SPECIAL COVERAGE
CHANDIGARH

LUDHIANA

DELHI


THE TRIBUNE SPECIALS
50 YEARS OF INDEPENDENCE

TERCENTENARY CELEBRATIONS
M A I L B A G

Corruption in Army is disturbing

It is a pity that many senior officers in the Army are indulging in corrupt practices. The juniors are left with no option but to meekly surrender before their seniors because they cannot take the risk of antagonising them keeping their career growth in mind.

Using government property, regimental and other funds for personal use is so common that no eyebrows are raised. Malpractices remain undetected in units and formation CSD canteens. Some commanding officers got into trouble for directly buying rum from certain distilleries to make huge profits.

Non-CSD canteen is another wrong practice followed in many units. Of the total yearly profit of CSD, hardly 2 per cent is used for the welfare of the Junior Commissioned Officers JCOs and others. The stores are struck with supplies and money made in these deals in several units. “Baniya” (civil canteen in units) canteen is another source of making money in many regimental canteens.

The result: while complaints against bosses get played down, the court of inquiry or other small probes are initiated against the complainants to fix them. Thus JCOs and other ranks serving under corrupt senior officers find themselves between the devil and the deep sea.

R. P. SRIVASTAVA, Chandigarh



Waiting for salary

About 7,000 computer teachers are working in Punjab’s government schools under the Punjab Information Communication Technologies Education Society (PICTES). They have not been paid salaries for the last three months. This project is a self-financing one where fees are charged from the students (Classes VI to XII) in advance in two installments - April to September; and October to March - which are regularly deposited in the account of the Director-General School Education.

The Education Minister has clearly told our delegation on October 30 that the DGSE has been directed to release the teachers’ pay, but compliance is still awaited.

SHRAVAN KUMAR YADAV, Kapurthala

Earth rotates from west to east

I read Prof Yash Pal’s article (Science Page, The Tribune, Nov 16). The writer has served the public for a long time by educating the people about scientific knowledge. The scientific field is so vast that a continuous replenishment of fresh insight is essential. It was incorrect to say that the earth’s rotation is from east to west. The rotation is from west to east and that’s why the sun rises in London later than in Delhi. The reverse rotation of Venus is explained by admitting that the axis of rotation has been deflected by about 179 degrees and the peculiar rotation of Uranus can also be understood similarly.

Most planets suffer from deflection of the axis of rotation when they get to have satellites. The theory is explained with diagrams in the book on Geophysics published in 1997 by this writer. Prof Yash Pal’s amazement about the differences in speed of rotation of various planets is also misplaced since these are quite consistent with the size and the mass of the planets. Only one has to postulate the rotation impulse per unit volume in the solar system to be the same for each planet.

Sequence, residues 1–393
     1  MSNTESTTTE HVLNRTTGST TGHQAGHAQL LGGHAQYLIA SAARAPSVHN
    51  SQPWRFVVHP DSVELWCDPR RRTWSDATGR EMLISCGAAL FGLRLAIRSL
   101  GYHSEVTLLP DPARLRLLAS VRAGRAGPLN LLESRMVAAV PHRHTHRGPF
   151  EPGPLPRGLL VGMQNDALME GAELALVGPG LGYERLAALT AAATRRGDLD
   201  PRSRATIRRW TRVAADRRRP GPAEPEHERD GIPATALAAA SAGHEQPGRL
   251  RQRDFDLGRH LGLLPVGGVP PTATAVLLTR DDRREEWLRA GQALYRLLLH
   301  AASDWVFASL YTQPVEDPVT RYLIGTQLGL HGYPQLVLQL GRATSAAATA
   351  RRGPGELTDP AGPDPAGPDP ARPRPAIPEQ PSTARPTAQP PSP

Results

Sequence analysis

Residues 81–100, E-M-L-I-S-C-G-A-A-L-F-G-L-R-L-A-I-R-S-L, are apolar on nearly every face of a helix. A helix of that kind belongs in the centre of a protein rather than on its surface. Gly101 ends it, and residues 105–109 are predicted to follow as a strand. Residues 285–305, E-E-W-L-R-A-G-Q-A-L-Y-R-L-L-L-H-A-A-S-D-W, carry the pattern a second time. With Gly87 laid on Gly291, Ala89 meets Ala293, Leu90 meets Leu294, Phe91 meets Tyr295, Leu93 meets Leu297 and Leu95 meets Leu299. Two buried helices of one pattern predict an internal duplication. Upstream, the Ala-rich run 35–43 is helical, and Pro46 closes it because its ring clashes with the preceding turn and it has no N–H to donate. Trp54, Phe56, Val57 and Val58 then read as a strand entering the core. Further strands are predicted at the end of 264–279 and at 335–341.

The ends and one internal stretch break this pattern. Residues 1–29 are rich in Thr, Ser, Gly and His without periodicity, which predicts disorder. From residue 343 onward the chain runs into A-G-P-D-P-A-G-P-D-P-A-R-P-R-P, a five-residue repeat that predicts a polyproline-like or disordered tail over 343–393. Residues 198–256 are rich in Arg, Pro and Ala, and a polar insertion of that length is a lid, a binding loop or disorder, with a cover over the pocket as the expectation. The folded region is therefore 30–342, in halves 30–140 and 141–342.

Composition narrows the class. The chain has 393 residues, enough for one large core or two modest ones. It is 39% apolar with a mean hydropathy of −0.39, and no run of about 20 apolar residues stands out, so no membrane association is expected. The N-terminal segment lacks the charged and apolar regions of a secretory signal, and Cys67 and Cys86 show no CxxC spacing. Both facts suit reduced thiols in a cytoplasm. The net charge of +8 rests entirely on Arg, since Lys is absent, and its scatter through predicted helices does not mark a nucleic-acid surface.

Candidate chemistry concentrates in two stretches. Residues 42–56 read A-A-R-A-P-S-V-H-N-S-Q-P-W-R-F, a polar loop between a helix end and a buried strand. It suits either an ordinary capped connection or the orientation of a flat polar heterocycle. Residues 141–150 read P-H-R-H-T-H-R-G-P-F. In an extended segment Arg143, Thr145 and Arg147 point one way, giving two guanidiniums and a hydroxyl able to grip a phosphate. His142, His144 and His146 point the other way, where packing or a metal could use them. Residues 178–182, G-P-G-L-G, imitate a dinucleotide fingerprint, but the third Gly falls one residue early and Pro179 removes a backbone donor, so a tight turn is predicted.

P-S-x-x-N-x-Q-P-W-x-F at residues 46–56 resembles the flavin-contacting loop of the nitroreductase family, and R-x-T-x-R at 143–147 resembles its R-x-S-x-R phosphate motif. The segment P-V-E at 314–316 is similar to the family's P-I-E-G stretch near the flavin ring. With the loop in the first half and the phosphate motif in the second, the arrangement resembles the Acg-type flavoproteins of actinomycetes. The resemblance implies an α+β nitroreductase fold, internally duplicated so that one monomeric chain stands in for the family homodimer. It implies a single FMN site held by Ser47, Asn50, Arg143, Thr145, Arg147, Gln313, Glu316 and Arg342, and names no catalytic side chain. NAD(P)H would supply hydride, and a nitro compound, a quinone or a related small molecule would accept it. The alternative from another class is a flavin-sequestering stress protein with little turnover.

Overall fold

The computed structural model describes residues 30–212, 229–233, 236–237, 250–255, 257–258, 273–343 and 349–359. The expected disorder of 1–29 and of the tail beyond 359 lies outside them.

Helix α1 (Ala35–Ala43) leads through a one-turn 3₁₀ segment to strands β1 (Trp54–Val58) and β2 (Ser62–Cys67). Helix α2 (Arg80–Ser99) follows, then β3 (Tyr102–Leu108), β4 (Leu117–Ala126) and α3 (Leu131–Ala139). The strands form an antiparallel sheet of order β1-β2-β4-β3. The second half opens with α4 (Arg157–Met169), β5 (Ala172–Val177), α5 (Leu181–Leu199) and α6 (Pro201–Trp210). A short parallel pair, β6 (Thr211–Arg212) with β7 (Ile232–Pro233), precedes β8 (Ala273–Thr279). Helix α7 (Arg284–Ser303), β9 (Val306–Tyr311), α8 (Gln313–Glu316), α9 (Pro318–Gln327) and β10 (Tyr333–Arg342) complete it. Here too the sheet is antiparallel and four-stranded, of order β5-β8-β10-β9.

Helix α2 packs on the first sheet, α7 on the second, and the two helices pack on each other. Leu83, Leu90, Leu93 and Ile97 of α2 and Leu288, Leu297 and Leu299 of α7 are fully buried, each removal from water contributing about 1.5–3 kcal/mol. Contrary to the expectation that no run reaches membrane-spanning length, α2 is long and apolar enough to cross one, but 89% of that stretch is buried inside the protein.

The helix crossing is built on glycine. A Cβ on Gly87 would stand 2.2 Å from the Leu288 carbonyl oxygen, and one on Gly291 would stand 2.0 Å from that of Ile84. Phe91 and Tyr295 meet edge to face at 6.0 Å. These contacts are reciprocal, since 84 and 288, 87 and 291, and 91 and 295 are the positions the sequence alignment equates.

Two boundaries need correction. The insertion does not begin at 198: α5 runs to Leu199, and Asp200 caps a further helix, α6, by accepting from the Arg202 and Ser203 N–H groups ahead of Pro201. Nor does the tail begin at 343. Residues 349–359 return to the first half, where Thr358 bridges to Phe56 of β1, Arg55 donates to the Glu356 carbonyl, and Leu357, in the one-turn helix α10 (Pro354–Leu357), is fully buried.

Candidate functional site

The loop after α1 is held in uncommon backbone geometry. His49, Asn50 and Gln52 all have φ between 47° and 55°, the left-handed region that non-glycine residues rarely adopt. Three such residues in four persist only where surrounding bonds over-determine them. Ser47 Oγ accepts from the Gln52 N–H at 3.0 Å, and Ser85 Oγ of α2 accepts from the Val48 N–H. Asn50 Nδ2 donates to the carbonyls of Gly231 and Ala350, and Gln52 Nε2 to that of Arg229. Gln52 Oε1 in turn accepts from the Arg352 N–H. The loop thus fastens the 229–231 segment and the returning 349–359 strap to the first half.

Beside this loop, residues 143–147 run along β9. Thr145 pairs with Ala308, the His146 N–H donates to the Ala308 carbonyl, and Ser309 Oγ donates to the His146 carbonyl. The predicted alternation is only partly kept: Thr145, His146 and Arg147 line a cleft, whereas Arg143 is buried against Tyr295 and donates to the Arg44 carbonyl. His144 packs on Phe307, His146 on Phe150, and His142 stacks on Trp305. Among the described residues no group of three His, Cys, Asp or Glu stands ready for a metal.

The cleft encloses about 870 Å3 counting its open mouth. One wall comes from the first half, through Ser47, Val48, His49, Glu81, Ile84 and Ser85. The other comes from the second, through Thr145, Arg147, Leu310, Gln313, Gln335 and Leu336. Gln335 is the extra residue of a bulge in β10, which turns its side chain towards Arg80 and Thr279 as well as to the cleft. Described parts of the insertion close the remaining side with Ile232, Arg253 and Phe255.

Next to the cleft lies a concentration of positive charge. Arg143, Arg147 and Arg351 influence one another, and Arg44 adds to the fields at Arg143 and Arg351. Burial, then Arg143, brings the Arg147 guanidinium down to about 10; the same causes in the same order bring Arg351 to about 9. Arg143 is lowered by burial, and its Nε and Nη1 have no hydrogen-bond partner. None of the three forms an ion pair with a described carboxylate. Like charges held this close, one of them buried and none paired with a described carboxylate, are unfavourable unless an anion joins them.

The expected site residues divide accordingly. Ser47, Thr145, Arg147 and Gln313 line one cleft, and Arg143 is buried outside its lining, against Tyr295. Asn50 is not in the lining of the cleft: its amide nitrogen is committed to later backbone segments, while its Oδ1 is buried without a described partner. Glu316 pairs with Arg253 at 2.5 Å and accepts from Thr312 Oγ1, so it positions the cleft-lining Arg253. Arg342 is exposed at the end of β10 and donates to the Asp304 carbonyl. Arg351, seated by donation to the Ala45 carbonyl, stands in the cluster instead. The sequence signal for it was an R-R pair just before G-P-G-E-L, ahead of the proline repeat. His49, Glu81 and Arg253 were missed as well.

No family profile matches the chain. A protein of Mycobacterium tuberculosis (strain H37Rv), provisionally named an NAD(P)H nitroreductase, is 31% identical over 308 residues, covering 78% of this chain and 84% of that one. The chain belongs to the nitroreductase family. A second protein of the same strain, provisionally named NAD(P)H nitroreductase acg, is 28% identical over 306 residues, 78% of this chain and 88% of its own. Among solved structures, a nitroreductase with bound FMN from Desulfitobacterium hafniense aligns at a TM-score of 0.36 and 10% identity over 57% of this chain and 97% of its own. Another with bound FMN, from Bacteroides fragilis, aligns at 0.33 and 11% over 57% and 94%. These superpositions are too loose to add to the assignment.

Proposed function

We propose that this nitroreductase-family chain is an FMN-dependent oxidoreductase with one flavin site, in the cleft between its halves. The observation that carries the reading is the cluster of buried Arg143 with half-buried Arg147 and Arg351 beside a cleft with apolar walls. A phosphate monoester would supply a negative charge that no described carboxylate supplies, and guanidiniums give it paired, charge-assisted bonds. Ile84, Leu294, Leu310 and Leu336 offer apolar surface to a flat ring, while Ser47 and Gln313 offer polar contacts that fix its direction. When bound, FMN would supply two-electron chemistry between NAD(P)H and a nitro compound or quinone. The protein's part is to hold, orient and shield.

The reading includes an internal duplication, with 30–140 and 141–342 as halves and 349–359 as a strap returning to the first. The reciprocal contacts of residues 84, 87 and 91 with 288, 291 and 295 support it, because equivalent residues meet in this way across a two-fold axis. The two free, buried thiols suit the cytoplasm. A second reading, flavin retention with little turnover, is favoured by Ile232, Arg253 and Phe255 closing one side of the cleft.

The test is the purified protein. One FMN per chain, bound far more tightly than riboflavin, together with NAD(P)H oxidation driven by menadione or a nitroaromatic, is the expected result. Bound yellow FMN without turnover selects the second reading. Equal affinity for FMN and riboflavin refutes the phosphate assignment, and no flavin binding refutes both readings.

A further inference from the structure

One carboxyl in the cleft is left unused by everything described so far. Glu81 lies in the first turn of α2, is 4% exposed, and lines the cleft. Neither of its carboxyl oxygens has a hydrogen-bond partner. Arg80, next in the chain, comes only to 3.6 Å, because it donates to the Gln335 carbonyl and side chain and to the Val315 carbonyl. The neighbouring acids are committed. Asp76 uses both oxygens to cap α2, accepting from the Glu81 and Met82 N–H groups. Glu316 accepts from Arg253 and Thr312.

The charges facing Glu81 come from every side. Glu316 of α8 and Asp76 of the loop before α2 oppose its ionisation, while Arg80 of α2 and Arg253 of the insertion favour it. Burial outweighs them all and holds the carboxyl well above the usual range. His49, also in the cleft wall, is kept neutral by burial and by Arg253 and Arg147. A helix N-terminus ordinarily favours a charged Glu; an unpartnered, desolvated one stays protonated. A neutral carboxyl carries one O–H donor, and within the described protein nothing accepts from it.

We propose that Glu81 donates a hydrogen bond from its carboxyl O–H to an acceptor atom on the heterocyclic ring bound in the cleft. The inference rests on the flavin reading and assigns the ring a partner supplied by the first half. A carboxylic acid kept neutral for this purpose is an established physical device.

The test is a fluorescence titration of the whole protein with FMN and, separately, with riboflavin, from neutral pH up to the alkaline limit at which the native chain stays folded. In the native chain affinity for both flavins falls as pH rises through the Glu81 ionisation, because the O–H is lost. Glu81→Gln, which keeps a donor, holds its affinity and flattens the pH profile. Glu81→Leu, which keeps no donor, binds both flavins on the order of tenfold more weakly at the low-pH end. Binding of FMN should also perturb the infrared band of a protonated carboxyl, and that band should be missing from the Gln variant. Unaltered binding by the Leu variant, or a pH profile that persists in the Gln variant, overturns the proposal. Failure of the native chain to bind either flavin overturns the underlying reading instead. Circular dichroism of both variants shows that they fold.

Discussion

Prof J.N. NANDA, Visiting Professor (Geophysics), Panjab University, Chandigarh

 


Exam for judges

I read Dr Shruti’s letter, “Exam for civil judges” (Nov 2). I would like to add one more anomaly committed by the selection committee in the recruitment of HCS (Judicial) Branch. While only 34 vacancies have been given to the committee for conducting a special recruitment, it started the process for filling 54 vacancies including 20 anticipated vacancies in terms of a Supreme Court ruling in Malik Mazhar Sultan’s case (2006).

The said judgement reiterated periodic filling of vacancies of civil judges by all state governments so that every eligible law graduate gets a chance to compete for the judiciary. It never intended to fill anticipated vacancies of civil judges along with duly advertised vacancies, thus making the near future passing out law graduates waiting for long in aspiration of appearing in state judicial exams.

I am a final year law student. If all 54 vacancies are filled, I have to wait for another two or three years or so.

ROHTASH SIHAG, (Dept of Laws, Delhi University), Rohtak

Nuclear deal

India and the US are engaged in finalising the nuclear deal. On the understanding for peaceful use, both are trying to convince their respective opposition parties. The US is giving utmost preference for India.

Now, both have understood their importance for their economic development. It is hard for India to maintain relations with the US on one side and Russia on the other. However, on the grounds of economic development, India has to go with them equally.

D. KISHAN PRASAD RAO, Secunderabad

 






Top

HOME PAGE | Punjab | Haryana | Jammu & Kashmir | Himachal Pradesh | Regional Briefs | Nation | Opinions |
| Business | Sports | World | Mailbag | Chandigarh | Ludhiana | Delhi |
| Calendar | Weather | Archive | Subscribe | Suggestion | E-mail |